My number one reason to post the pictures.... they looked neat. To get this reaction to work right I would use a 5 inch long 3 inch diameter pipe threaded at both ends with end caps. I would drill a hole about 1/8 inch or so in diameter on one and and leave the other.

These pipes are exceedingly thick and resillant to pressure. The hole serves as an exit for the hydrogen gas but I would buy a piece of pipe exactly the size and force it in, I would pack the smaller pipe full of steel wool to try and condense out sodium vapor and allow more cooling surface.

Immediately upon initiation of the reaction I would attempt to light the exit gasses so they would burn off as the reactoin proceeded, being under hydrogen pressure some of the sodium would convert to the hydride. Experimentation or additional calculations would have to be done to make sure the hole for the exit gas was wide enough to pervent an excessive hydrogen pressure on sodium, one atm of hydrogen = no reaction usualy, several and we might have a problem. But if you're really hyped up about putting some inert substance over top of the reaction mixture give magnesium oxide a shot.

Anyways, when the reaction started to die down you could put a weight over the exit area exactly like a pressure cooker and that would keep an inert atmosphere inside. Wait to cool, then remove endcap and put contents into xylene, heat to mp of sodim with stirring, breaking up the chunks with a stirring rod then hopefully with it's low density it will rise to the top of the reaction byproducts and seperation will be feasable.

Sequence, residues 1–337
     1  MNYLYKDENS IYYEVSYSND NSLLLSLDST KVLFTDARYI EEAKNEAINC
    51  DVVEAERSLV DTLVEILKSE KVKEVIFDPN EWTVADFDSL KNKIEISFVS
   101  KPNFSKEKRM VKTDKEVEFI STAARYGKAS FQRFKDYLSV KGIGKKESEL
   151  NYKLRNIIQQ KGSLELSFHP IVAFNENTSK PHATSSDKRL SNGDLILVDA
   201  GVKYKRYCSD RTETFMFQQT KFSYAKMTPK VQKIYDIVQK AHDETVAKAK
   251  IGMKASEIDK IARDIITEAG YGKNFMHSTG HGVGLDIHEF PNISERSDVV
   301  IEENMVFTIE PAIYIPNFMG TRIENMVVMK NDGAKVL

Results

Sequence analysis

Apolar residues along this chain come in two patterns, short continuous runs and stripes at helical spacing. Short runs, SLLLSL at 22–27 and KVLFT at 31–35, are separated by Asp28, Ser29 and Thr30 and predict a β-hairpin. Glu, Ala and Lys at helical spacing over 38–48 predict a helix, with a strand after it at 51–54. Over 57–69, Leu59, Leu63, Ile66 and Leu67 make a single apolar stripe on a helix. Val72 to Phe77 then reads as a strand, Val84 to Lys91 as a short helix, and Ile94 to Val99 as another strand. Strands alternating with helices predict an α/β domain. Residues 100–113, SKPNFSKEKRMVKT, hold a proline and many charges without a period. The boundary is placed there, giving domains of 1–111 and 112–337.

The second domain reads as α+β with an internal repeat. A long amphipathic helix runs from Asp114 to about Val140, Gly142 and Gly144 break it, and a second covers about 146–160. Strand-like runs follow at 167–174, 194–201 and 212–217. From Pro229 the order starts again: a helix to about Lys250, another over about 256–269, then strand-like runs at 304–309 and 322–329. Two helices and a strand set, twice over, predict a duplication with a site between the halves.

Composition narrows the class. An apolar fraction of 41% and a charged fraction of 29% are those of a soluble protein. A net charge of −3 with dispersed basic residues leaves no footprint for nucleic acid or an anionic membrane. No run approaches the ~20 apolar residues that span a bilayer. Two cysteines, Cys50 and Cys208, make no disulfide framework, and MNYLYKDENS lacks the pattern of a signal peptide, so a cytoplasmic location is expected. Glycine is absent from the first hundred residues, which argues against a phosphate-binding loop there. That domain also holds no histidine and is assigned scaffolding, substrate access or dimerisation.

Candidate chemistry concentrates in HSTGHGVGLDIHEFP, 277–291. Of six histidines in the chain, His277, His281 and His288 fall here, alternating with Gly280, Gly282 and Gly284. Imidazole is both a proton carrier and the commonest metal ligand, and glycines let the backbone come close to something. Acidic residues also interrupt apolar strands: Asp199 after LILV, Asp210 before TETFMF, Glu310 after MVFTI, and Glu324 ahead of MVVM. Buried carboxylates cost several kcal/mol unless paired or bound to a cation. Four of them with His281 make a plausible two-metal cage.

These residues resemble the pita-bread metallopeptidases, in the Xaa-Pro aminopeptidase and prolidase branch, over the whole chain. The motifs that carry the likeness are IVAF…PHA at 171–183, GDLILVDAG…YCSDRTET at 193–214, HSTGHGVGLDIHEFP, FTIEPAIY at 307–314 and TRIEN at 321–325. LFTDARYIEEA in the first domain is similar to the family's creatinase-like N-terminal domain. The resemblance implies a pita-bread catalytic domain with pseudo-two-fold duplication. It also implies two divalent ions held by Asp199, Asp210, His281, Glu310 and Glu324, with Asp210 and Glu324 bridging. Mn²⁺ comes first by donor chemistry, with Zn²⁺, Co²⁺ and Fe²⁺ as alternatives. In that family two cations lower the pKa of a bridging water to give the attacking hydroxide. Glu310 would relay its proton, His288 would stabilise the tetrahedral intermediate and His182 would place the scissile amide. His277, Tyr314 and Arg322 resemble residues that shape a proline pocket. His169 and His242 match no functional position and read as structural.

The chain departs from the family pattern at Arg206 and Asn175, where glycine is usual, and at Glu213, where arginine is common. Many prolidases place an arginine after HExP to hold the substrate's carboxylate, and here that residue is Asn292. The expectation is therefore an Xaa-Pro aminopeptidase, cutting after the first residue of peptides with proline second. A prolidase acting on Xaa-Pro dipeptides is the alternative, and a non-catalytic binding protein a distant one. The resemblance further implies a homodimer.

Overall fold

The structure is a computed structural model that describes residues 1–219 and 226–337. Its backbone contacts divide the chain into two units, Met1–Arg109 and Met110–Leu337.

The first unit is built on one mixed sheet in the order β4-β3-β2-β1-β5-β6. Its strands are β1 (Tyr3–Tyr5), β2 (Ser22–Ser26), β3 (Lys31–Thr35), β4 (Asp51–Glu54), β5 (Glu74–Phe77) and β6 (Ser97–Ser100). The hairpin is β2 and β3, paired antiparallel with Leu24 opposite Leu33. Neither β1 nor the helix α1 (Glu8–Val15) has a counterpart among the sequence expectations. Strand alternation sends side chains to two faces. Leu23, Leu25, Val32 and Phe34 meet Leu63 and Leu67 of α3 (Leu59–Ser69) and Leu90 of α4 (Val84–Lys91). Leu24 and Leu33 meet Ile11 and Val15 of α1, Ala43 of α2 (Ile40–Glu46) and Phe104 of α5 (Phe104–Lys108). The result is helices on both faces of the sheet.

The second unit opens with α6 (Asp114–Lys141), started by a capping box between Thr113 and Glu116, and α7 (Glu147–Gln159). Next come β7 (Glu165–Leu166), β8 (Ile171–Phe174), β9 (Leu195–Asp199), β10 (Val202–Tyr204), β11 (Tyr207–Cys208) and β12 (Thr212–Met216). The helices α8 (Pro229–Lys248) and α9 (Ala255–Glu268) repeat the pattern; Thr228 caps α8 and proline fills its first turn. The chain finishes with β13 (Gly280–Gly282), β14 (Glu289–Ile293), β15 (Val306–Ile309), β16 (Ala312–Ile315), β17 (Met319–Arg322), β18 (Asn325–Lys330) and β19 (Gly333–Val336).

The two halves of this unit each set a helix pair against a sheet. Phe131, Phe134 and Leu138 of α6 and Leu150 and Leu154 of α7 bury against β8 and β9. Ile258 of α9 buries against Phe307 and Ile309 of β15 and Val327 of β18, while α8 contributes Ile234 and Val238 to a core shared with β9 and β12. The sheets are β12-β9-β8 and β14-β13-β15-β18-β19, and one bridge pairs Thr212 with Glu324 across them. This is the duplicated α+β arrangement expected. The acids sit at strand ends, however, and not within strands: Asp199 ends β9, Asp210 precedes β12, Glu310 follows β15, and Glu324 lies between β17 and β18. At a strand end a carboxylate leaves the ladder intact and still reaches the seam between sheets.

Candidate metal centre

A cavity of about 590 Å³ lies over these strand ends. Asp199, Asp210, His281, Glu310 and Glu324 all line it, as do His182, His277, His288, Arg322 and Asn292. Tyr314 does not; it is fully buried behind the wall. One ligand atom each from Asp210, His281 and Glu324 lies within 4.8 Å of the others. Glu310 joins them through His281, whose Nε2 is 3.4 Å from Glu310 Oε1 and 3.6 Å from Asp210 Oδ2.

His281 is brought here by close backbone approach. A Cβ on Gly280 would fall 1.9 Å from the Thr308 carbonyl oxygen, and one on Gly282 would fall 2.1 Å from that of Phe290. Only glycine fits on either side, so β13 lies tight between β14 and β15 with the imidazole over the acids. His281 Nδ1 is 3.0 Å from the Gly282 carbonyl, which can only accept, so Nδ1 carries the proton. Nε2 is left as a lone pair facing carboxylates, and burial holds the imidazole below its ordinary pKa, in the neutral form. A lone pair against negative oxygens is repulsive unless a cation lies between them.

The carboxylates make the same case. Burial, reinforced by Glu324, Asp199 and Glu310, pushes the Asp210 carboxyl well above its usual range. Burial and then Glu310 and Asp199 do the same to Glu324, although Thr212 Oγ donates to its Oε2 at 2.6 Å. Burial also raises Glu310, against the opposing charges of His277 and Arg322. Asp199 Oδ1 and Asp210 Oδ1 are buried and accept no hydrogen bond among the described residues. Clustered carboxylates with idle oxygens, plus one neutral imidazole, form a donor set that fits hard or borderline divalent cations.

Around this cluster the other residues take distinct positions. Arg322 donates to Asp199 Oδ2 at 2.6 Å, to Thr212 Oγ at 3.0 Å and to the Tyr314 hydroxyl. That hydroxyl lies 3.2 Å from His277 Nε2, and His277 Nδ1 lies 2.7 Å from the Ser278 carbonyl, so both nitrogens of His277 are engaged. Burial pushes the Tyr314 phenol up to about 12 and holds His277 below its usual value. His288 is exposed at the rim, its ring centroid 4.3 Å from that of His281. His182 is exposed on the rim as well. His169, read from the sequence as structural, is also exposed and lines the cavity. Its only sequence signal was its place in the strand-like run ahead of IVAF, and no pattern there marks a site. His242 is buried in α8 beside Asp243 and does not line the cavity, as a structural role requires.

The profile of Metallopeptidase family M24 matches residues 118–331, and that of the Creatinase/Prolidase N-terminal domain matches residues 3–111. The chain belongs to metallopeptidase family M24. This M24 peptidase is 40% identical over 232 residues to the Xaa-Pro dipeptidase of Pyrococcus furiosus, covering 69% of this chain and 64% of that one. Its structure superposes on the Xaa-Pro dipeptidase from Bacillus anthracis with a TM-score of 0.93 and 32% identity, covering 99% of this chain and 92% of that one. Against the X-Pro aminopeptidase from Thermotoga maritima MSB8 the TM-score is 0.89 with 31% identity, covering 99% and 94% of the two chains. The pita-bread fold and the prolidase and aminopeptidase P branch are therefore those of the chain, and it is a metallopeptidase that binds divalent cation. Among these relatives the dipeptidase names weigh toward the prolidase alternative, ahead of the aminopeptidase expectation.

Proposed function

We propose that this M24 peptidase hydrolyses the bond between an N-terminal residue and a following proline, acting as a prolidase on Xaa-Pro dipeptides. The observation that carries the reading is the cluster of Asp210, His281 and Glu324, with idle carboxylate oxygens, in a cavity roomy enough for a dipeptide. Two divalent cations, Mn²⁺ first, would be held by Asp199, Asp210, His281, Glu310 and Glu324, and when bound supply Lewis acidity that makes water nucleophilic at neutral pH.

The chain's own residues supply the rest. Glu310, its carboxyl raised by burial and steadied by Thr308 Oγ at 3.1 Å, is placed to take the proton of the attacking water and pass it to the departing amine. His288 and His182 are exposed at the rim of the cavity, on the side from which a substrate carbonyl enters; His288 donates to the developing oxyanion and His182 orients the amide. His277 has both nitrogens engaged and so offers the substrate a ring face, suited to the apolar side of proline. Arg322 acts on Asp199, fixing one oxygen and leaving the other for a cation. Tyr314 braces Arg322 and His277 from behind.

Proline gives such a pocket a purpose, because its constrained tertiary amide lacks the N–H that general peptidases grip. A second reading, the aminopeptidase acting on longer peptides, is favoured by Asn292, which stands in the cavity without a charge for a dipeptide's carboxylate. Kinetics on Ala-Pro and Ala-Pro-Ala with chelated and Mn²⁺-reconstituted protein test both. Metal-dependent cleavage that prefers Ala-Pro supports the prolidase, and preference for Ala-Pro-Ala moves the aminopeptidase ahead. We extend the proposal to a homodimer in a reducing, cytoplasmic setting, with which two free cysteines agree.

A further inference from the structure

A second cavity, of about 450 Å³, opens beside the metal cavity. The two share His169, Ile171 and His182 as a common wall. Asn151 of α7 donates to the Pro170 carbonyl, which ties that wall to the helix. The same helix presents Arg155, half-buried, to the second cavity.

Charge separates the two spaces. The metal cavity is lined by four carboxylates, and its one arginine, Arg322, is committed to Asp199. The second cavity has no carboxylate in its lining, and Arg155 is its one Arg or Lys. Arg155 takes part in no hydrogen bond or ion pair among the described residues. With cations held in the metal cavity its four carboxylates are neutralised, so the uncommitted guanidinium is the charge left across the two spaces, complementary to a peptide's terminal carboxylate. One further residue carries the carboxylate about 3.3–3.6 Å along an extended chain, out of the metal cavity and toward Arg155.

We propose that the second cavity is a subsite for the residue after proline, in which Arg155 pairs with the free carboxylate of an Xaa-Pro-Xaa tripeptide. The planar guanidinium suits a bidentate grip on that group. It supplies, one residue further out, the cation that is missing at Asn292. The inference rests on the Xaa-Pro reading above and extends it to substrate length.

But mainly I just did this to see what it would look like, if anyone wants to continue this further I would highly recomend the use of magnesium in place of aluminum for the reduction. Local scrap yards will sell magnesium to an individual for $.70 a pound then just sand it to a shiny finish, take a large drill bit to it and collect the shavings, very very little atmospheric oxidation.

Personally any further work I do will be on the Castner Cell although I am looking foreward to seeing if anyone can perfect this method as well.




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[*] posted on 13-12-2003 at 21:27


vulture: I put the realized energy into right side of the equation . eg 1137 KJ is realized from the nitrate flash mix which means DH = -1137 kJ
anyway I shall do the calculation for Mg
HBr! I love that purplish flame;)




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thumbup.gif posted on 15-12-2003 at 05:03


I think that aluminates are actually intermediates in the process, since first aluminium mreacts with the hydroxide forming oxide and aluminate, which react to produce a different aluminate. Then the sodium ions can finally be reduced to sodium.
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[*] posted on 15-12-2003 at 10:27
Reduction of Aluminates


with reference to Marvin's statement:
/ Aluminium and sodium hydroxide is supposed to go mainly to Na3AlO3, a mixture that was formerly used to defrost oil wells and which produces no sodium directly, formation of sodium is a side reaction with the coproduction of sodium metaaluminate. Magnesium seems the only feasable metalic reducing agent which limits most peoples ability to use this.


I agree that side products *might* be the formation of aluminates. However, what I dont understand is why an excess of Al would not reduce that, too.

After all, why is this reaction

Al(ONa)3 (or Na3AlO3) + Al --> Al2O3 + 3 Na

not possible???